Mediocre color integrity, redeemed somewhat by a terrific contrast ratio
When I saw that this monitor includes NVIDIA 3D, and uses a TN panel to achieve its 2ms response time, my first thought was, "The color is going to be sub-par." Unfortunately, those assumptions were more or less spot-on: The VG278H simply does not produce a full range of colors, per industry standards. Its full gamut is only about 60% of the NTSC standard, whereas the ideal hits about 72%. What this means for you is that its colors do not get as vivid and bright as they should. While this won't matter as much during 3D viewing—the glasses act as natural dimmers, anyway—it really hurt this monitor's overall score.
On the plus side, this Asus has a terrific contrast ratio; much higher than average. This is advantageous for a number of reasons. First, it makes for more realistic shadows and dark scenes during movies and games—the content that, in our opinion, benefits most from 3D. Second, the VG278H achieves its wide contrast by supporting very, very bright peak whites, which helps to counteract the natural darkening brought on by wearing 3D glasses. Third, wider contrast ratios often make for better viewing angles, which means you won't have to sit as stock-still when playing a 3D game.
A good niche product, but not suited for general use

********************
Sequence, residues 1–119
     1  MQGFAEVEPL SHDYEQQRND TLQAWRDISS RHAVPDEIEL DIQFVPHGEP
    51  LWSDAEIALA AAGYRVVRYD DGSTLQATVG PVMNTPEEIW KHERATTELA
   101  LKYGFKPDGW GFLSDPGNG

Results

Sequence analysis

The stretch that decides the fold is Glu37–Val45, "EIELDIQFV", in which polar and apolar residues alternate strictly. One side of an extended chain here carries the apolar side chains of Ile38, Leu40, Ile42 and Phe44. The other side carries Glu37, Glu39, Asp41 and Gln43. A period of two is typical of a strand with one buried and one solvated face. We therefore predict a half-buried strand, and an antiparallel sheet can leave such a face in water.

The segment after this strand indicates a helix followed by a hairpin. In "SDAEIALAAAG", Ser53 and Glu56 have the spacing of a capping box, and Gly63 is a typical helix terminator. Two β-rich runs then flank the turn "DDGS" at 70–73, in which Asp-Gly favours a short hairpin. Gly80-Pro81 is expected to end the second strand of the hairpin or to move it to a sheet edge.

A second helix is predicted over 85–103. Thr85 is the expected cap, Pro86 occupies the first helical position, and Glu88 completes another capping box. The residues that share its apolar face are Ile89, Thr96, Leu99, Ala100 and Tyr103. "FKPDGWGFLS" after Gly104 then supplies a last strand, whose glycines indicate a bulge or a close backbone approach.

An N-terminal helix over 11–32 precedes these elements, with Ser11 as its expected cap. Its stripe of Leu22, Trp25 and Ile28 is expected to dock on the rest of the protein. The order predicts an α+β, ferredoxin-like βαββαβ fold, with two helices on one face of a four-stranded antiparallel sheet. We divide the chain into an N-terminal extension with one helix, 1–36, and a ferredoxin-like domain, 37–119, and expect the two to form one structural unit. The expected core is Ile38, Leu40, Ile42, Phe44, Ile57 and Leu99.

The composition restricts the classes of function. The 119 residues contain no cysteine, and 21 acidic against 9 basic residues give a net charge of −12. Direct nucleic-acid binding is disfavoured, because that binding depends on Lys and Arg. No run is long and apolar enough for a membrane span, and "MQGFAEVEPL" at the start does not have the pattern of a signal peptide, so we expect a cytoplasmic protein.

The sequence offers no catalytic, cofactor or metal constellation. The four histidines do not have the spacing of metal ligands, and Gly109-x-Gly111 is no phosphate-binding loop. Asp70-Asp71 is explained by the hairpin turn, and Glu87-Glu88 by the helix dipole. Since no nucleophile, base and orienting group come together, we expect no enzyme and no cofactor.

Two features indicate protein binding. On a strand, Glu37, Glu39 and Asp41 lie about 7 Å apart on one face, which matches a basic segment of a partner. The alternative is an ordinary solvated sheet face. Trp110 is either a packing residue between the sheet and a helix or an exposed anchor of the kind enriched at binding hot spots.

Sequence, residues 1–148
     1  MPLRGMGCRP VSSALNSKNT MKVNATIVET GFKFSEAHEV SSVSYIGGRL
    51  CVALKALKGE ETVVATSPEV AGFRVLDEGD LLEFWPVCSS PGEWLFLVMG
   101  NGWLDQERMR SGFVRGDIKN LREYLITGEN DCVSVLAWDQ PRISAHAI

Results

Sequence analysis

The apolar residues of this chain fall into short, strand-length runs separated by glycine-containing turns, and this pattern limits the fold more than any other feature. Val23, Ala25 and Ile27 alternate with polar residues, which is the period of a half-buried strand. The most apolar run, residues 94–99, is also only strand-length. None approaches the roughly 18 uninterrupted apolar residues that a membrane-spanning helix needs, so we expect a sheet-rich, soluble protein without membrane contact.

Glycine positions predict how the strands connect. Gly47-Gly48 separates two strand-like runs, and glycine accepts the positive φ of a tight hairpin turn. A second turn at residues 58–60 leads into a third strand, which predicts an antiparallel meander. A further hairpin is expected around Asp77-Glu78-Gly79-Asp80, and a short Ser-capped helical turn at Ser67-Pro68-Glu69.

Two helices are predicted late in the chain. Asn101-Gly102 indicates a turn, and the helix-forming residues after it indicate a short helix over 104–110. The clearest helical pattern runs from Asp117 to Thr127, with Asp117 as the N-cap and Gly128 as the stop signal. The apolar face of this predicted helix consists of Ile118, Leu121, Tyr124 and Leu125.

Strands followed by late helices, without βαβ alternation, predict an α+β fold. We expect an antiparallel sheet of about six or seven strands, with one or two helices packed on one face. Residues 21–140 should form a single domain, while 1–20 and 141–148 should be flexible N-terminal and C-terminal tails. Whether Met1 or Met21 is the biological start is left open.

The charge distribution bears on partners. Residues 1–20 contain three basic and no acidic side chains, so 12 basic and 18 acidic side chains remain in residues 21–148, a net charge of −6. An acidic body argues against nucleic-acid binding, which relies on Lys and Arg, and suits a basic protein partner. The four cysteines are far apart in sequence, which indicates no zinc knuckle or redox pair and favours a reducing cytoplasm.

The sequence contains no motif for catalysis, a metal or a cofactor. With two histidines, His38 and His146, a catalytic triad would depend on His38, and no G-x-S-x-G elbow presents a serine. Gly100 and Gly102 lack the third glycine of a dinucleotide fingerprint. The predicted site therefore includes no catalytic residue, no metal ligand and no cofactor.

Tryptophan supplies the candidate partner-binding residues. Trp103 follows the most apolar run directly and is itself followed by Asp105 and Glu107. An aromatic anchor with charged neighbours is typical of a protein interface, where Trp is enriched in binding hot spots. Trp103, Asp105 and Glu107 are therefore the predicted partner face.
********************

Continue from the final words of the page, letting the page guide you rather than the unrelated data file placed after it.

For an MSRP of $599, we feel the VG278H is a touch overpriced. While it does its job as a 3D gaming monitor admirably, it does little else with much efficacy. If you're familiar with Asus' computer monitors already, you'll enjoy the design and menu options here. Unfortunately, there is no one who'll be a fan of this monitor's color integrity.
Our suite of tests revealed that the VG278H entirely fails to produce the full berth of colors that it should, per industry standards. The colors it can produce are well-represented, but its full spectrum of hues is quite limited, which means less detail.
The VG278H's wide contrast ratio gives it many advantages, and it does its singular job well. This 2011 model should be reduced in price by now, so gamers with a penchant for the third-dimension may find it suits their needs to a T. For any other use, though, there are better, cheaper products out there.
Behind the Screens
Welcome to the Science Page, where we catalog and list all of our hard data to support our Front Page claims. We test computer monitors in conjunction with the program iProfiler, using an Xrite iDisplay Pro 1 and a range of sRGB color swatches to test displays.
None of this monitor's peaks are saturated properly
Saturation refers to the amount of "color" within a color (confusing, we know). Saying that the VG278H's red, green, blue, and white peaks are undersaturated is an understatement. This monitor's color saturation is markedly marred, and it does not achieve the vivacity and luminance that it should in that regard.
The colors it can display are fine, though. Its color temperature consistency is quite good—it varies in light temperature here and there, of course, but in no way does this become visible during use. Its color and greyscale curves describe a decent slope, but they're bumpy and compressed (due to the aforementioned undersaturation).
The VG278H sports a very wide contrast ratio.
Unlike its underwhelming color performance, this Asus' contrast performance was very good. Contrast ratio is the measure of a display's peak luminance divided by its minimum luminance. The VG278H hit a searing peak white of 402.30 cd/m2 and, though its black level of 0.34 cd/m2 is not particularly impressive, its overall contrast ratio (1183:1) was higher than average for a TN-paneled display.